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For a while, Kathy Maas attended a monthly writer’s group that met at Panera Bread to casually discuss the craft. It wasn’t a workshop. The object wasn’t to critique or even to share one’s writing. Still, she felt some self-imposed pressure.
“I started to realize that I hadn’t written anything in the longest time,” says Maas, of Hockessin. “A few of the writers were saying how stories just pour out of them and they don’t have enough time in their days to write them all down. I just felt that I can’t be attending these meetings anymore until I start creating.”
She stopped going to them — for a long time. Then, in January, she returned, having written enough recently to feel more comfortable discussing writing.
When she applied for a Division fellowship, Maas submitted essays that included character sketches and reflections on “everyday stuff.” She loves to observe and analyze “the nano” in people. She describes herself as shy and particularly sensitive.
“I’m very in tune with the tiny nuances of human interaction, and I think that’s where a lot of my writing springs from.”
She says she leads a relatively uneventful life, so when she experiences something that moves her, she jots down the most relevant details. The notes then sit untouched until she figures out the angle of her approach. And then it happens.
“It’ll just be a time when I feel it inside of me and it’s ready to come out,” Maas says, “and I’ll pretty much write the whole thing. I don’t know where it comes from, and I wish it would come much more often.”
Excerpt from Monkey Business
The monkey people had arrived. My sister-in-law ushered them into the living room and they quietly proceeded to set up. Two large cages contained the creatures. All the kids were summoned from downstairs and everyone crowded around in a semi-circle…
She had written a few things since college — she worked for an advertising agency and for a bank doing advertising copywriting — but Maas started writing personal essays when her mother died of cancer 11 years ago.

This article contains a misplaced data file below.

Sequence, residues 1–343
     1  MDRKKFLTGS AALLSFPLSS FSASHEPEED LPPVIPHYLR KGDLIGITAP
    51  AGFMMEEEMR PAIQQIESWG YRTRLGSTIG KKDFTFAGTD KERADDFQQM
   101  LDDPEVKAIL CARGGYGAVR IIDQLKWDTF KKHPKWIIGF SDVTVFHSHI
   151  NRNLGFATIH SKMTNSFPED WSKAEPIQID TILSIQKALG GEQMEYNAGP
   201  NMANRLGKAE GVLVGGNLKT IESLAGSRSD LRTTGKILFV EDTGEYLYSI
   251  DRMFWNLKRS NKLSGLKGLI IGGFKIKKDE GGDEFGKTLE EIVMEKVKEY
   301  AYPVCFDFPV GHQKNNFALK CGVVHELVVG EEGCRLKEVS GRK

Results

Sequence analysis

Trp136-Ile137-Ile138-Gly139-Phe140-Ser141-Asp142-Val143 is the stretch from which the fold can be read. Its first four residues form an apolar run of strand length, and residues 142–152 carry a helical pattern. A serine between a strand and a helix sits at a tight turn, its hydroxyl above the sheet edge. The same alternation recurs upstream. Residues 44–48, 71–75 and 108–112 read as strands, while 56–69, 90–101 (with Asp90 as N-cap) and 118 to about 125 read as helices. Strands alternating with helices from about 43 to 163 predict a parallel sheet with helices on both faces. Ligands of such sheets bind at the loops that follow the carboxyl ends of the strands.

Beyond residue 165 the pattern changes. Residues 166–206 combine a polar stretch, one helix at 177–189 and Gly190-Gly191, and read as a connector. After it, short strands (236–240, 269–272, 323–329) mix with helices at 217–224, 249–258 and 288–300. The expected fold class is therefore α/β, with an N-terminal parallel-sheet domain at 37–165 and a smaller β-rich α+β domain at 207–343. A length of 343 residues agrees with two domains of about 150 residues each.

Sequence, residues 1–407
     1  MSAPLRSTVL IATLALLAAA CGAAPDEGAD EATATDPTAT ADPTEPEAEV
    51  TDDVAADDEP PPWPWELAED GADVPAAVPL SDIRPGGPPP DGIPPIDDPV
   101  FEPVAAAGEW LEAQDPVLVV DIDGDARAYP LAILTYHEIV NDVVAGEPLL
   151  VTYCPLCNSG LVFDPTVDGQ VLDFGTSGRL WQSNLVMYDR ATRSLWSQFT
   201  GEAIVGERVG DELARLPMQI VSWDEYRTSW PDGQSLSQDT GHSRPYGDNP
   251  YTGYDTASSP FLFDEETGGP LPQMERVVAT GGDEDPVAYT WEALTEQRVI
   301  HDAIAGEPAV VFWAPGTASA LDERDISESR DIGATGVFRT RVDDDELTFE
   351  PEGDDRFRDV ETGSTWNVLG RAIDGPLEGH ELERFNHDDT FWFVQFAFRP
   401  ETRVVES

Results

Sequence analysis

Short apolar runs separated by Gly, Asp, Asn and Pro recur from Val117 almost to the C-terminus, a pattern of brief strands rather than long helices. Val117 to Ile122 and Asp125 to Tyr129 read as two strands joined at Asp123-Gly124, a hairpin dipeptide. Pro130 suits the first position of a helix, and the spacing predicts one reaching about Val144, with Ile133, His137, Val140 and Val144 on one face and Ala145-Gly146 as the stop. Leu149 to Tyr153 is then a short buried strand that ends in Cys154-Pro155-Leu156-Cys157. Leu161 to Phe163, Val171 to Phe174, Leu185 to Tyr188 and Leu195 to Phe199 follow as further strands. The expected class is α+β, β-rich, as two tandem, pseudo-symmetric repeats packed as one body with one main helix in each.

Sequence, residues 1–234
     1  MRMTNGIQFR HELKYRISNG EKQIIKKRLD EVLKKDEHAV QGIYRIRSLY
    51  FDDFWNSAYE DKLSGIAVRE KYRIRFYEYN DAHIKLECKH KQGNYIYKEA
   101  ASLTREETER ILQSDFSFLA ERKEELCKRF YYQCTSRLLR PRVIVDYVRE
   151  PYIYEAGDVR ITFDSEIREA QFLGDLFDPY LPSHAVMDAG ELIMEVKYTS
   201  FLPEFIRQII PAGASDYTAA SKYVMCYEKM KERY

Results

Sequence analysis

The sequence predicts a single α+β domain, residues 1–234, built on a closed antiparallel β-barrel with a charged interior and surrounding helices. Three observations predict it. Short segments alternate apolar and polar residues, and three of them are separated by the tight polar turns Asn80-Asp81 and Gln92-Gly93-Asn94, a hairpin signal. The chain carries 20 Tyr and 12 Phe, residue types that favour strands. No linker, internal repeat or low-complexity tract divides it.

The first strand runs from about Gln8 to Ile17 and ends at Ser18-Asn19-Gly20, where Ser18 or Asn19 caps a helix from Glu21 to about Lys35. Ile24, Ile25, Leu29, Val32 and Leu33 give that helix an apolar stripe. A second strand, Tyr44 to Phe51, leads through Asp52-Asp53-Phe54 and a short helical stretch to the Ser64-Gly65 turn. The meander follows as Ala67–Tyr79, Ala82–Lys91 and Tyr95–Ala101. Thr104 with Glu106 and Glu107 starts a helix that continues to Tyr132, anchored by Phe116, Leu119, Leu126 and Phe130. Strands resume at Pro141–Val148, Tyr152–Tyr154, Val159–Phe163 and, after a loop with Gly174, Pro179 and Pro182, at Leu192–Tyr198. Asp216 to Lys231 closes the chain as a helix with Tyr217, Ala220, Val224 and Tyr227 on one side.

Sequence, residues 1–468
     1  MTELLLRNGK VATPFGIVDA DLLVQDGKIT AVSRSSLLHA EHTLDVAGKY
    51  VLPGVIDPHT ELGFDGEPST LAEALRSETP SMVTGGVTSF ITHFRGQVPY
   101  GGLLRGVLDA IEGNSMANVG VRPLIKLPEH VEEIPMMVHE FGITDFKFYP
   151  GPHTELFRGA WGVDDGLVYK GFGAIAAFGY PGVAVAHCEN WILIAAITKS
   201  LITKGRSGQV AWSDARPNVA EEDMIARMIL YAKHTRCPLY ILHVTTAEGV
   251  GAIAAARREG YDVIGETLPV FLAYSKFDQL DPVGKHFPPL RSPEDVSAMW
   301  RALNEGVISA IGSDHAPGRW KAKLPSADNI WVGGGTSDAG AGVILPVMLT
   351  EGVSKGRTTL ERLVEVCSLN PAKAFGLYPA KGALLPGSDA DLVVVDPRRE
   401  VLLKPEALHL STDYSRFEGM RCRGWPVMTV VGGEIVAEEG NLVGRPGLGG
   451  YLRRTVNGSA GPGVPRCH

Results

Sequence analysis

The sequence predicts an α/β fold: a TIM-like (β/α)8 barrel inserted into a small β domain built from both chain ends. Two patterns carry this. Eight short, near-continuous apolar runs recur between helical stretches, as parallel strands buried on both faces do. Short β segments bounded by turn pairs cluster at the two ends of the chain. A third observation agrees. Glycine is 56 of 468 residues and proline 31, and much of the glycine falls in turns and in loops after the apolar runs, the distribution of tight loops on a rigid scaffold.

“It was such a painful time,” she says, “and I didn’t know what else to do but pour out my heartache via writing.”
She took an online course in creative nonfiction. On the third assignment, the teacher returned her essay, unedited, in a group email, saying that Maas had insulted her by submitting a fiction piece. The piece was nonfiction.
“I think some popular writers take more of a creative license to fill in the blanks,” Maas says. “I read many memoirs with pages of dialogue from when they were 5 years old. And I think, how could anybody remember all that? They must be making some of it up. So I’m really careful with that. I haven’t put my work out there much at all. I think a lot about how my writing will affect people I care about.”
She is planning to give a public reading in the fall, and would like to follow that up with a selection of reading culled from entries by the public on the theme of “What’s So Funny About Anger?” If the logistics work out, the event might travel to each of Delaware’s three counties in a fashion similar to “The Moth.”
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